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September 18, 2021
The Federal Reserve has a big meeting on tap next week, one that will be held under the cloud of an ethical dilemma and will be run by a policymaking committee that finds itself with fairly pronounced divisions about the path ahead.
Markets largely expect the Fed to follow the two-day session with no major decisions, but rather just the first but significant nods that the historically easy money pandemic-era accommodation is coming to an end soon if slowly.
“The ethics here look bad. They should have known better,” said Joseph LaVorgna, chief economist for the Americas at Natixis and former chief economist of the National Economic Council during the Trump administration. “Once you lose that moral authority, it’s a problem.”
Rosengren, Kaplan and any other Fed officials who traded stocks didn’t violate laws or policies. In fact, that’s become part of the criticism leveled in some circles – that following the financial crisis the Fed didn’t do a housecleaning when it came to internal rules to make sure it avoided the kinds of conflicts that came to light during the crisis.
“Keep in mind, they already have [trading] rules they imposed on banks, for example, and yet the Fed’s governors don’t live by those same rules,” said Christopher Whalen, a Fed veteran and now chairman of Whalen Global Advisors. “After Dodd-Frank [the post-crisis banking reforms], every agency in Washington tightened up little conflicts like insider trading. And yet the Fed is somehow exempt from those rules? They look ridiculous.”
For its part, the Fed has noted that it is following rules for other government agencies and has supplemental rules as well. Still, a spokesman for the central bank said Thursday that Chairman Jerome Powell has directed Fed staff “to take a fresh and comprehensive look at the ethics rules around permissible financial holdings and activities by senior Fed officials.”
“This review will assist in identifying ways to further tighten those rules and standards. The Board will make changes, as appropriate, and any changes will be added to the Reserve Bank Code of Conduct,” the official added.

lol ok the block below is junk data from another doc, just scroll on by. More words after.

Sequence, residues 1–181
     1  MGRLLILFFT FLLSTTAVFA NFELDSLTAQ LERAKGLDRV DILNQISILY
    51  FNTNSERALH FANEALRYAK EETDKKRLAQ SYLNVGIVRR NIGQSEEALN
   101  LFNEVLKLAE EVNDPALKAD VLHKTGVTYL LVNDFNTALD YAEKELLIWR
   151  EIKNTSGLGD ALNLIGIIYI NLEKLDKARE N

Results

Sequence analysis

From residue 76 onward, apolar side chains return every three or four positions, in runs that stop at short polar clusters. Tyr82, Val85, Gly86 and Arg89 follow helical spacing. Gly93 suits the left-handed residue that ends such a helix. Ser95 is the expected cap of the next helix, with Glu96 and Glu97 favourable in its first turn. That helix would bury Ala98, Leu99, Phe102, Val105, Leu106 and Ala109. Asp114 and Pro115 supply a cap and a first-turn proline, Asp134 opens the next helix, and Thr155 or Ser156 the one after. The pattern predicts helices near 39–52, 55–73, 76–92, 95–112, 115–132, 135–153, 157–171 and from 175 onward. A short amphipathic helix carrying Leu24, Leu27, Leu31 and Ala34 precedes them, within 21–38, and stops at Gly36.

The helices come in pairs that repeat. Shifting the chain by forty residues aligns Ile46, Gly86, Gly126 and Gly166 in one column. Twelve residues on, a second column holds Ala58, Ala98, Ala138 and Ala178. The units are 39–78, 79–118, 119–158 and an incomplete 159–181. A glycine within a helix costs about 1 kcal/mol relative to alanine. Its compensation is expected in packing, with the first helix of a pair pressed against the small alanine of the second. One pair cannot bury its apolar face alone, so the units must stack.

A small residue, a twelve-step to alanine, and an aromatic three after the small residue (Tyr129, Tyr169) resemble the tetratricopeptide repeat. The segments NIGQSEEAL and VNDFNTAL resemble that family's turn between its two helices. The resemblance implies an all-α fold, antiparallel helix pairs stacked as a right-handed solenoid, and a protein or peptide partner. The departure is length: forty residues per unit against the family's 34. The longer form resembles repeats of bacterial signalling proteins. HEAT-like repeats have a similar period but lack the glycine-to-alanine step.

The controversy comes against a delicate set of circumstances for the Fed.
The central bank is preparing to take its first steps to normalize policy again, after slashing benchmark interest rates to zero and doubling the size of its balance sheet through more than $4 trillion in bond purchases.
Fed officials are divided on policy: By Goldman Sachs’ count, six officials who have spoken publicly on the issue of tapering asset purchases are for it and six are against it. On inflation, while Powell has said he expects price pressures to recede fairly soon, at least six Fed officials, including Governor Christopher Waller, have said they anticipate inflation to remain above the central bank’s 2% target beyond 2021.
One more complication thrown into the mix is that Powell’s term is set to expire in February, and President Joe Biden is expected to announce soon his preferred choice to lead the bank ahead. Most on Wall Street expect Powell to be nominated again, but there’s growing sentiment that Biden will move out Randal Quarles as vice chairman in charge of bank supervision and replace him with Governor Lael Brainard, who likely would use a heavier hand in bank regulation.
Amid all those pressures, Powell will have to make sure the Fed gets policy right and is able to clear away some of the contentiousness of late.
“It’s not a fait accompli that Jerome Powell is reappointed,” said LaVorgna, the Natixis economist. “The administration is understandably going to wait and see how the Fed handles the taper and what the markets do. That could be the determining factor in whether he’s reappointed.”
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